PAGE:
On the Clock
An old Irish proverb says of the neighborhood pub: “In heaven there is no beer … that’s why we drink ours here.”In that same spirit, one of the most down-to-earth, friendly watering holes around can be found in the La Cima Mall in Breckenridge – Burke and Riley’s Irish Pub. Stop in for a true-poured Guinness and you’ll immediately notice that co-owners Mark Burke and Jack Riley have captured the community quality that so denotes neighborhood pubs found on street after street in the Old Country.”That’s what an Irish pub should be. It’s all about the locals. It’s all about the people,” reminds Burke. “We wanted to make this a local place.”Whether sitting outside on the sun-drenched deck, or stewing among the warm, rich mahogany of the inside, it’s obvious Burke and Riley have followed through. Even during a Tuesday lunch hour, in the middle of mud season, tables inside and out are taken – and the owners seem to know everybody. They glad-hand table after table, and it’s not just for show. The place is clearly filled with regulars, yet it’s an inviting place at the same time.
“We like being here,” Riley admits. “We got into the business to meet people, to help out the community. So it’s not much of a job to us.”Burke adds: “We wanted to make a place that reminds everybody of back home. It may sound crazy, but we always try to say goodbye and hello to our customers, and we’ve got a great local following.”Tourists will find a welcoming atmosphere for sure (“We meet people from all over the world,” Burke says) but it’s locals the pair target, and who drive the business.Prove you’re a local to Burke, Riley or any of the other friendly staff, and you’ll be invited into the pub’s Claddagh Club – entitling you to 20 percent off all food and beverages all year round. The duo have also been handing out Local’s Appreciation cards for the slow season, which scores an additional 50 percent off liquor, and some deep discounts on food. Happy hour means an even cheaper buzz.
It’s the food that makes a pub a pub – and not a bar – says Burke, and their full kitchen serves up massive plates of homemade grub until midnight every night. The specialty of the house is a fish and chips offering, made from fresh cod hand-dipped in a Coors beer batter. Irish fare, along with American pub grub, fills out their hearty menu.In Ireland, the pub is an integral part of the community, and in that same spirit Burke and Riley both make a point of giving back. Jack was a former pitcher, and Mark has three kids in the School system all interested in sports. Since opening the pub in December of 2004, the two owners have given nearly $10,000 back into the community, mostly through support of athletic programs at the high school and by backing the local American Legion baseball program. They’ve got a golf tournament coming up in September with all proceeds going to American Legion baseball.Along with community, family is traditionally an important element to the Irish, and the two owners got into the business together based on family ties. Jack’s grandfather was close friends with Mark’s father back in the hometown both share of Enfield, Conn. The two’s family connection led Mark to lure Jack to Denver, where Mark was the president of the then-new Johnson and Wales University. When the opportunity came up to open a business here in the High Country both of them jumped at the chance.”We did it to follow a passion, and a dream, and a change in lifestyle,” Burke says. “And it’s working.”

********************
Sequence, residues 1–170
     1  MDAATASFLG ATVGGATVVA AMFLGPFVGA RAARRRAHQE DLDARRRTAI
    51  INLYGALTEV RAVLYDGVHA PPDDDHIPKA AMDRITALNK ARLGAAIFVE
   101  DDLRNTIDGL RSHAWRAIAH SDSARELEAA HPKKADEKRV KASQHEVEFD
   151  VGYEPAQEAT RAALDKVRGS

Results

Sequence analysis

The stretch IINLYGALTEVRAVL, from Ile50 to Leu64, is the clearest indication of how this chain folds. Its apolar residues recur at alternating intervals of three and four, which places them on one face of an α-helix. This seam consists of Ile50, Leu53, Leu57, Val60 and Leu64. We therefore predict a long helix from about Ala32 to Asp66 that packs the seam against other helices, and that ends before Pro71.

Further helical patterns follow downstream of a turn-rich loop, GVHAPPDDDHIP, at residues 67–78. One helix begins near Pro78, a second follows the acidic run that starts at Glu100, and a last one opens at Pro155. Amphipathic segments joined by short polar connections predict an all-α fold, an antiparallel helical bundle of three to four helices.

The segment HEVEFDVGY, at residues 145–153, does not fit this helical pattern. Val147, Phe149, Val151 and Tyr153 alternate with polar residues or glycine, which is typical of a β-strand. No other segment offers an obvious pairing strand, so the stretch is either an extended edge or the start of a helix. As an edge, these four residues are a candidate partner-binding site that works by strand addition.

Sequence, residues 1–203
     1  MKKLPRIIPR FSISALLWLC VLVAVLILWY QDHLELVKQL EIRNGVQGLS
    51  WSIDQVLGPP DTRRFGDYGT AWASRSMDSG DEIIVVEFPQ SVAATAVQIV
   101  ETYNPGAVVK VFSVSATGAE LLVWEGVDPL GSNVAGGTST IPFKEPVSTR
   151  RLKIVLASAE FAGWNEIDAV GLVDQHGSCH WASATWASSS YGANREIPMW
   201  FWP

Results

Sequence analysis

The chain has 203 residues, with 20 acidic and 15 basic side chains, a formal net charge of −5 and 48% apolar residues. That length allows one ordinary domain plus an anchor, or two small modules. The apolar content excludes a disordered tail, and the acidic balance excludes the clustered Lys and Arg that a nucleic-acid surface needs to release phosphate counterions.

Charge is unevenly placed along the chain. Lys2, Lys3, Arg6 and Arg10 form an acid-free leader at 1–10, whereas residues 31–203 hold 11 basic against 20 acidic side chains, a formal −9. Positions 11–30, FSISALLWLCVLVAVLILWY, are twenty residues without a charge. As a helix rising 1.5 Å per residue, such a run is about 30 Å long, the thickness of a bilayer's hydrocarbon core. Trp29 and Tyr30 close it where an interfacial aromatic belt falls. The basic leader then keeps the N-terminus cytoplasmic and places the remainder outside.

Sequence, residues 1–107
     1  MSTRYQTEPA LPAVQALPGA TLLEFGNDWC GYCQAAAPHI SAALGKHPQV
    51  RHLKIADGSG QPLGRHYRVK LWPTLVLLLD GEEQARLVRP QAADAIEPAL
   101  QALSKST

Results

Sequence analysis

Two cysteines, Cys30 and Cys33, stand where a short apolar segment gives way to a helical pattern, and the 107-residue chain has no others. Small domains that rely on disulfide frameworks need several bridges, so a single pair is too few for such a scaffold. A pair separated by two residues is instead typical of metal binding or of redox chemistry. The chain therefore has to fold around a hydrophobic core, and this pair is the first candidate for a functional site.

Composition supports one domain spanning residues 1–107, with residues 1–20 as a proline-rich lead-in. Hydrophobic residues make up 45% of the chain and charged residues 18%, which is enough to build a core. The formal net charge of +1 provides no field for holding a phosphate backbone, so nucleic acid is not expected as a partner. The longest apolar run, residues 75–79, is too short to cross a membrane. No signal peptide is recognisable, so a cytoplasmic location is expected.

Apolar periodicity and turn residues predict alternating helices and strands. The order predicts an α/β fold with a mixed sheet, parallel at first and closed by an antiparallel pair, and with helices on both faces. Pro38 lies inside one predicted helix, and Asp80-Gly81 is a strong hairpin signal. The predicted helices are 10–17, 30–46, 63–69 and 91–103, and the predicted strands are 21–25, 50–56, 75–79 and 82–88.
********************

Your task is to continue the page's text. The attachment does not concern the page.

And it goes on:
Working for the two has its advantages, too. Both realize that you can’t have a people-friendly pub without friendly people. They’re quick to praise their staff, and even took half of them to Las Vegas last year in appreciation.”I can assure you, anyone who walks in the door of Burke and Riley’s is going to be greeted, seated and made to feel at home,” Burke says. “We couldn’t do what we do without our staff – our great team.””You can teach skills, but you can’t teach attitude, and you have to have a great attitude to be truly customer-friendly,” he says.
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